Volume 642, October 2020
|Number of page(s)||17|
|Section||Catalogs and data|
|Published online||12 October 2020|
Spectroscopic observations of the machine-learning selected anomaly catalogue from the AllWISE Sky Survey⋆
European Southern Observatory, Ave. Alonso de Córdova 3107, Vitacura, Santiago, Chile
2 Astronomical Observatory, University of Warsaw, Al. Ujazdowskie 4, 00-478 Warszawa, Poland
3 Instituto de Ciencias Astronómicas, de la Tierra, y del Espacio (ICATE), CONICET, San Juan, Argentina
4 Universidad Nacional de San Juan (UNSJ), Mitre Oeste 396, J5402 San Juan, Argentina
5 Institute of Astronomy, Faculty of Physics, Astronomy and Informatics, Nicolaus Copernicus University, Toruń, Poland
6 Gemini Observatory, Southern Operations Center, La Serena, Chile
7 Center for Theoretical Physics, Polish Academy of Sciences, Al. Lotników 32/46, 02-668 Warsaw, Poland
Accepted: 14 August 2020
We present the results of a programme to search and identify the nature of unusual sources within the All-sky Wide-field Infrared Survey Explorer (WISE) that is based on a machine-learning algorithm for anomaly detection, namely one-class support vector machines (OCSVM). Designed to detect sources deviating from a training set composed of known classes, this algorithm was used to create a model for the expected data based on WISE objects with spectroscopic identifications in the Sloan Digital Sky Survey. Subsequently, it marked as anomalous those sources whose WISE photometry was shown to be inconsistent with this model. We report the results from optical and near-infrared spectroscopy follow-up observations of a subset of 36 bright (gAB < 19.5) objects marked as “anomalous” by the OCSVM code to verify its performance. Among the observed objects, we identified three main types of sources: (i) low redshift (z ∼ 0.03 − 0.15) galaxies containing large amounts of hot dust (53%), including three Wolf-Rayet galaxies; (ii) broad-line quasi-stellar objects (QSOs) (33%) including low-ionisation broad absorption line (LoBAL) quasars and a rare QSO with strong and narrow ultraviolet iron emission; (iii) Galactic objects in dusty phases of their evolution (3%). The nature of four of these objects (11%) remains undetermined due to low signal-to-noise or featureless spectra. The current data show that the algorithm works well at detecting rare but not necessarily unknown objects among the brightest candidates. They mostly represent peculiar sub-types of otherwise well-known sources. To search for even more unusual sources, a more complete and balanced training set should be created after including these rare sub-species of otherwise abundant source classes, such as LoBALs. Such an iterative approach will ideally bring us closer to improving the strategy design for the detection of rarer sources contained within the vast data store of the AllWISE survey.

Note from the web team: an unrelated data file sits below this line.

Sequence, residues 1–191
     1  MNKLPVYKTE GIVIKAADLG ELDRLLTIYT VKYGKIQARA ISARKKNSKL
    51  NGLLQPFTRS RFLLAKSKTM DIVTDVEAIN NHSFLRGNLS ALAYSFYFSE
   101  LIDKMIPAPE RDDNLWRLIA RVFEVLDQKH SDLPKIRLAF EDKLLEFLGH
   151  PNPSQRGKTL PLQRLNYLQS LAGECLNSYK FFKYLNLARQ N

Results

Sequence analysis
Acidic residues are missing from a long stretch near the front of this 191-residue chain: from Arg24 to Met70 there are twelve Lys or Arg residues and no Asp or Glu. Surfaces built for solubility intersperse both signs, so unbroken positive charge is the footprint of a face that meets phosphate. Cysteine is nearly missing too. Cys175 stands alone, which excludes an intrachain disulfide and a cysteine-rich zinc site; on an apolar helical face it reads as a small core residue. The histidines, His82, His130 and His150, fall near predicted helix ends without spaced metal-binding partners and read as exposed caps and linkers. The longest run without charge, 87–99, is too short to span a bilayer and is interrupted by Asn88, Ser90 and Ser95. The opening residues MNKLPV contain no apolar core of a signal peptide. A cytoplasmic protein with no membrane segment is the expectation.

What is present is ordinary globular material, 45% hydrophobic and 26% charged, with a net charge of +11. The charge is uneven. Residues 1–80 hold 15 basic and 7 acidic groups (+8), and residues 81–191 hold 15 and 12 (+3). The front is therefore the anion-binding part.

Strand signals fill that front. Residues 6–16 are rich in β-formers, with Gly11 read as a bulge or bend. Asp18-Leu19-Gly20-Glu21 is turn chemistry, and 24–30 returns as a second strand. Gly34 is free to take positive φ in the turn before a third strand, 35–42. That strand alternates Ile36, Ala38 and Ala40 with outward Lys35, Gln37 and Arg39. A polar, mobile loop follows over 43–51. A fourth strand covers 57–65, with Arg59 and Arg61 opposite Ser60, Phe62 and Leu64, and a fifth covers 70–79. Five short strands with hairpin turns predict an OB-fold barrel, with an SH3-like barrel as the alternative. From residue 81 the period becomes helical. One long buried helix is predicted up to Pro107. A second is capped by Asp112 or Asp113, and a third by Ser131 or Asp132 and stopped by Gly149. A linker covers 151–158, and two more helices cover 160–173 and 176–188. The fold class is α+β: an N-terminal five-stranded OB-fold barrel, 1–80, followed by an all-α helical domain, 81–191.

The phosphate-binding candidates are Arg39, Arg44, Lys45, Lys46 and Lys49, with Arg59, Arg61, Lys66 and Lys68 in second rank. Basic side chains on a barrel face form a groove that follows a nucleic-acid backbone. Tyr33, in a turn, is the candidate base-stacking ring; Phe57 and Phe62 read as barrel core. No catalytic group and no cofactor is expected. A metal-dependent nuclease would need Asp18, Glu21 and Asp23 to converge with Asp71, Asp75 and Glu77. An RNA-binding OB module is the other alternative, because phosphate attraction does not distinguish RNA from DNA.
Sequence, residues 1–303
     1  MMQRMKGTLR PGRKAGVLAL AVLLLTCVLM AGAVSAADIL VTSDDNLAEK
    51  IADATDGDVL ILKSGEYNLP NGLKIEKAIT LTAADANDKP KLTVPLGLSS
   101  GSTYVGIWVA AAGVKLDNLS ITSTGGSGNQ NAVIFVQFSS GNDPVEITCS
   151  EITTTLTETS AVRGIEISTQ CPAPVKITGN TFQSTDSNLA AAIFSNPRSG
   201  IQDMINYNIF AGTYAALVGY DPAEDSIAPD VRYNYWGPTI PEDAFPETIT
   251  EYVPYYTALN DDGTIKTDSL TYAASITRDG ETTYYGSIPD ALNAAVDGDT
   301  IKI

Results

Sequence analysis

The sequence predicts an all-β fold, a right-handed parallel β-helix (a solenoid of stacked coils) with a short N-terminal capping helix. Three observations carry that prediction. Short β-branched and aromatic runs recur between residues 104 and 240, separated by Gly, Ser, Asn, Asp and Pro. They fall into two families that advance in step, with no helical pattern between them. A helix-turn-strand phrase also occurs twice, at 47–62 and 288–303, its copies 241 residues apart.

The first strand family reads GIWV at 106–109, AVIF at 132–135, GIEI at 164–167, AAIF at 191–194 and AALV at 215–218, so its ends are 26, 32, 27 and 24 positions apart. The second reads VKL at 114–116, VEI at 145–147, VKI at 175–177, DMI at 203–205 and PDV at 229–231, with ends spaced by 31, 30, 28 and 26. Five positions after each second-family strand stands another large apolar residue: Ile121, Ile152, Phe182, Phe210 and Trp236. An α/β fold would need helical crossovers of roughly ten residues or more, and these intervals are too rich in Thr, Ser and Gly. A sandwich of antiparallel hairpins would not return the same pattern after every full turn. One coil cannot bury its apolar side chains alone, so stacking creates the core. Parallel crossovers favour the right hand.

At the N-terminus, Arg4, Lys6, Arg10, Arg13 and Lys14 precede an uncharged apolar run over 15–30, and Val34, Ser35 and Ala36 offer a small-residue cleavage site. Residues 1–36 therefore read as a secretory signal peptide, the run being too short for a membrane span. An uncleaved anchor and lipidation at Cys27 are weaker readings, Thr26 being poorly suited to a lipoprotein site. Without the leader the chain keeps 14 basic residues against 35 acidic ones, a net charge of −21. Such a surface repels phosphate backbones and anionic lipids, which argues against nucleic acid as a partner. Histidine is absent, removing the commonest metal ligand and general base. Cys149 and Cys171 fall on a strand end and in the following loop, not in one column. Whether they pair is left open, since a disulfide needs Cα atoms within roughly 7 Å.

Key words: infrared: galaxies / infrared: stars / galaxies: active
© ESO 2020
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